The Times
"Londonderry, but Derry City Council; and Derry when in direct quotes or in a specifically republican context (this latter rarely)"[69]
The Guardian
"Londonderry: use Derry and Co Derry"[70]

Avoidance strategies

Businesses, sports clubs and other organisations in the area will frequently avoid using Derry or Londonderry in their names. This is partly so that they can avoid alienating potential customers or users from either side of the community.

Many name themselves after the River Foyle, which flows through the city. The BBC's regional radio station for the area is BBC Radio Foyle. The city's Westminster and Northern Ireland Assembly constituencies, which currently have co-terminous boundaries with those of the city council, are called "Foyle", partly in order to avoid the naming controversy and also because the seat has in the past contained parts of County Tyrone. Foyle was created in 1983, when the previous "Londonderry" constituency was split in two; the other one, "East Londonderry", is strongly unionist.

Others call themselves "North-West". This may refer to the northwest of Northern Ireland or the northwest of Ulster including County Donegal in the Republic. The University of Ulster encourages this usage, particularly in relation to Magee College.[67]

The nickname "Maiden City" is sometimes utilised; for example, the Ulsterbus service from Belfast to Derry is called The Maiden City Flyer. This alludes to the city's having resisted capture in the siege of 1689.[71] However, since the siege is an event celebrated by unionism, the nickname is itself politically charged.[67]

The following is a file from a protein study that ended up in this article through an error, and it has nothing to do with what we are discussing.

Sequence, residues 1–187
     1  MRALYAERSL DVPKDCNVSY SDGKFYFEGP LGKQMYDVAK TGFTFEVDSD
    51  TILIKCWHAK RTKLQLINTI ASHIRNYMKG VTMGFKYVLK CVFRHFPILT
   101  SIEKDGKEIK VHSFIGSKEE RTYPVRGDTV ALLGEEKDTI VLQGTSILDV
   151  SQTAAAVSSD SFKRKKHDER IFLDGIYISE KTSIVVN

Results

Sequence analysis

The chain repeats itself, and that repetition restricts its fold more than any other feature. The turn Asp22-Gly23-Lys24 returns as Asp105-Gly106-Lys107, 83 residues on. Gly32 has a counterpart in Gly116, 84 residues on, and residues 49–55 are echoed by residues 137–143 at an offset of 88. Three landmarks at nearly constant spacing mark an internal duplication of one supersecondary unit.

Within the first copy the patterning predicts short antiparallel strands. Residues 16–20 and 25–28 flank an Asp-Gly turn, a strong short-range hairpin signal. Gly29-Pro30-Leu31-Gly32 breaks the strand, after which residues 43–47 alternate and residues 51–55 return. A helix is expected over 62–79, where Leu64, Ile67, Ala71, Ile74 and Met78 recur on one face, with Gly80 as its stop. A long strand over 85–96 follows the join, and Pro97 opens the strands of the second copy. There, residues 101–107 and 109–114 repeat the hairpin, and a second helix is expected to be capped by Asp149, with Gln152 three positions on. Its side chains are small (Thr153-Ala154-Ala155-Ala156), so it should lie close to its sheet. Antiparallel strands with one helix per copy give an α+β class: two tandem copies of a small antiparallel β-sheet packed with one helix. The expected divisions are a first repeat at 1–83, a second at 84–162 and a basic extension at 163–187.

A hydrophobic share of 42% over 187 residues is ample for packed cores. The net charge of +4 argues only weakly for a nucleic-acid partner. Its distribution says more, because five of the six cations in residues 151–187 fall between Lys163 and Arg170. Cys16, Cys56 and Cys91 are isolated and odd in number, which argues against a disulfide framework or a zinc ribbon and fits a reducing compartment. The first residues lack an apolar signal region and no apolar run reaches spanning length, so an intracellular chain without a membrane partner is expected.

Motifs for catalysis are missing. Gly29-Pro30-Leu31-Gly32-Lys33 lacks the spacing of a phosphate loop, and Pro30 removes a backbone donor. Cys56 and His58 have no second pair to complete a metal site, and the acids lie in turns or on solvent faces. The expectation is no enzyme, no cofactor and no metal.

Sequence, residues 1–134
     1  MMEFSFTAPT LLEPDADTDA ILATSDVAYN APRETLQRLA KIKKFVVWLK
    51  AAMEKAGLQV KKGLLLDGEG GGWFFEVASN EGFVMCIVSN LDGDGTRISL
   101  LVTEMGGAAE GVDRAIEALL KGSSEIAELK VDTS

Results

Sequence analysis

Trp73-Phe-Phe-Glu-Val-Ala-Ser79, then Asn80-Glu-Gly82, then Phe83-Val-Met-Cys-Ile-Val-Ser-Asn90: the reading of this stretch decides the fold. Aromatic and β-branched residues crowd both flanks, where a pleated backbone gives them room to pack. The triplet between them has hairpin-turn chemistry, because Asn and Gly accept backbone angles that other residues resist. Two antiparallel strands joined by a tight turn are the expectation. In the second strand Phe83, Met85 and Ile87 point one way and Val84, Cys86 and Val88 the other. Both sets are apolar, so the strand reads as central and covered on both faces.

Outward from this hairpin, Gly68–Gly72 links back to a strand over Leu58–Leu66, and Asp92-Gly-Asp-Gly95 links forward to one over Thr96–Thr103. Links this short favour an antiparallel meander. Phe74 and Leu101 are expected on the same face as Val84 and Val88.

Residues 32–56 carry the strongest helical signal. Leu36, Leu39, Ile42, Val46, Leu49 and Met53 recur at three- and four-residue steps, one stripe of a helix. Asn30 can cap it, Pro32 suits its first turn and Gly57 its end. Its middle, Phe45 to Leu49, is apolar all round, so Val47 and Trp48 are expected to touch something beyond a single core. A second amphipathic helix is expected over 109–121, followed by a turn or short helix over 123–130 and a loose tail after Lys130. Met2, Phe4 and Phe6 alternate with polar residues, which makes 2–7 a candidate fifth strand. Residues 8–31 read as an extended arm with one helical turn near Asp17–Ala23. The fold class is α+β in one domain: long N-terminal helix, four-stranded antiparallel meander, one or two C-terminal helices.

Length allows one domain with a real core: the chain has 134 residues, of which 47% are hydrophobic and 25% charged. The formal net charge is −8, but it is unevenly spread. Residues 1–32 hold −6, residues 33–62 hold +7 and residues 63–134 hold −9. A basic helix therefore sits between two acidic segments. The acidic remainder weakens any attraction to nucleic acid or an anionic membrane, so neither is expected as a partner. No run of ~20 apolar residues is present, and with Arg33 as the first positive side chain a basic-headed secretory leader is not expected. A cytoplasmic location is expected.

The Derry Theatre Trust consulted the public for the name of the theatre it opened at East Wall in 2001.[72] "Derry Civic Theatre" and "Londonderry Civic Theatre" were rejected in favour of "Millenium Forum".

In popular culture

The Divine Comedy song "Sunrise" begins "I was born in Londonderry / I was born in Derry City too" and later asks "Who cares what name you call a town? / Who’ll care when you’re six feet beneath the ground?"[73]

Irish comedian Neil Delamere once remarked on the RTÉ television show The Panel that the RTÉ pronunciation guide is effectively the same as its BBC counterpart, except the word "Londonderry", in which the first six letters are silent.

When performing in the city, fellow comedian Dara Ó Briain, will open with the joke, "Hello my name is Dara or, if you prefer, you can call me Londondara."

Different mnemonic acronyms are used to remember the names of the six counties of Northern Ireland: "FAT LAD" for Londonderry, "FAT DAD" for Derry.[74][75]

Derived names